Spectrum Health Heart Study Tests Early Warning Device for At-Risk Patients
Clinical Trial at Fred and Lena Meijer Heart Center To Assess Monitor
A new study will evaluate the safety and effectiveness of a heart device designed to warn patients of impending heart trouble and prompt them to seek medical care.
Cardiologists and staff at the Spectrum Health Fred and Lena Meijer Heart Center are participating in a clinical trial of an implantable cardiac monitor. It is designed to hasten a trip to the emergency department and improve survival rates for heart attacks in high-risk patients who have already had a significant cardiac event.
Patients are being enrolled in the ALERTS U.S. trial for the AngelMed Guardian implantable cardiac monitor and alert system. The monitoring system is designed to track significant changes in the heart’s electrical signal and then alert patients to immediately seek medical attention. The objective of the ALERTS study is to provide an assessment of the safety and effectiveness of the AngelMed Guardian System.’
The Meijer Heart Center is among the first hospitals in the country to participate in this trial. One patient has already had a device implanted – only the fifth person in the U.S. to receive this implant as part of this trial.
“This study could benefit some of our patients who are at high risk of having a heart attack,” said cardiologist David Wohns, MD, the principal investigator of the study and medical director of catherization labs at Spectrum Health. “The device is designed to alert the patient at the earliest onset of a heart attack so that they can get treatment as soon as possible. It could potentially save lives and change the way we care for these patients.”
According to the American Heart Association, one of every five deaths in the US is a result of coronary heart disease. In addition, 50 percent of heart-attack fatalities occur within one hour of symptom onset and also occur before the patient even reaches the hospital.
“Studies have shown that most of the damage to the heart occurs during the first two hours after a coronary blockage,” said Jonathan Harwood , AngelMed’s chief operating officer. “We’ve designed the device to warn patients of this and other cardiac events hours – perhaps days – before they occur.”
The AngelMed Guardian System is comprised of an internal implantable device about the size of a standard pacemaker with a lead into the heart, an external telemetry device and a hospital workstation that aids physicians in evaluating heart signals.
Wohns said that a heart attack is typically the result of a blood clot closing a coronary artery. When this happens, there is a shift in the electrical signal of the heart. The shift in this signal is caused by the electrical difference between the portion of the heart muscle not getting oxygen due to the clogged artery and the rest of the heart that is still receiving oxygen.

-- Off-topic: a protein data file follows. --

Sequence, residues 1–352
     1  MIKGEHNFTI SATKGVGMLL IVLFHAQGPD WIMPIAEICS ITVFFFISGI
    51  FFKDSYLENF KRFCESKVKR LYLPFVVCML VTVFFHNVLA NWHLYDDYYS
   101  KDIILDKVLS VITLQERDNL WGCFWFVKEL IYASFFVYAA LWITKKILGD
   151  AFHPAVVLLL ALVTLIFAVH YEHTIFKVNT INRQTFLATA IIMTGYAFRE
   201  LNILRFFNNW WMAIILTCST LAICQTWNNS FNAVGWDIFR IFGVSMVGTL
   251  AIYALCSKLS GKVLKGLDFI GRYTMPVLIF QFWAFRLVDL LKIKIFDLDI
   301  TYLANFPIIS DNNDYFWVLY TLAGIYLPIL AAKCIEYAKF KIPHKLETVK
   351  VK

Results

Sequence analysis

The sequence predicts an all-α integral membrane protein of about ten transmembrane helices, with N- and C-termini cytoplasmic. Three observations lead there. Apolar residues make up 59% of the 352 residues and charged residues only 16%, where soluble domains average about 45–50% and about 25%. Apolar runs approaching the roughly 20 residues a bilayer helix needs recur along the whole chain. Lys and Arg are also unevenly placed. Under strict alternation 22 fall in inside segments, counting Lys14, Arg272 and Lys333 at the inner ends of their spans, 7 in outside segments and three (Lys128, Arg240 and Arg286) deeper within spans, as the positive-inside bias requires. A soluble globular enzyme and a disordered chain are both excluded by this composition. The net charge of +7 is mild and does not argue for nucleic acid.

To participate in the ALERTS study, patients must meet various criteria. For more information on the AngelMed Guardian system or the ALERTS study protocol, contact the Spectrum Health Research Department at 616-391-9356 or firstname.lastname@example.org.
Forward looking statements from AngelMed Guardian manufacturer: Statements made in this press release that look forward in time or that express beliefs, expectations or hopes regarding future occurrences or anticipated outcomes or benefits are forward-looking statements. A number of risks and uncertainties such as risks associated with product development and commercialization efforts, results of clinical trials, ultimate clinical outcomes and benefit of the Company’s products to patients, market and physician acceptance of the products, intellectual property protection and competitive product offerings could cause actual events to adversely differ from the expectations indicated in these forward looking statements.
Spectrum Health is a not-for-profit health system in West Michigan that offers a full continuum of care through the Spectrum Health Hospital Group, a collection of seven hospitals and more than 140 service sites; the Spectrum Health Medical Group, a multispecialty team of nearly 100 providers; and Priority Health, a health plan with nearly 500,000 members.
Spectrum Health’s 14,000 employees, 1,500 medical staff members and 2,000 volunteers are committed to delivering the highest quality care to those in medical need.’ The organization provided $111.1 million in community benefit during its 2008 fiscal year. As a system, Spectrum Health has earned more than 100 awards during the past 10 years.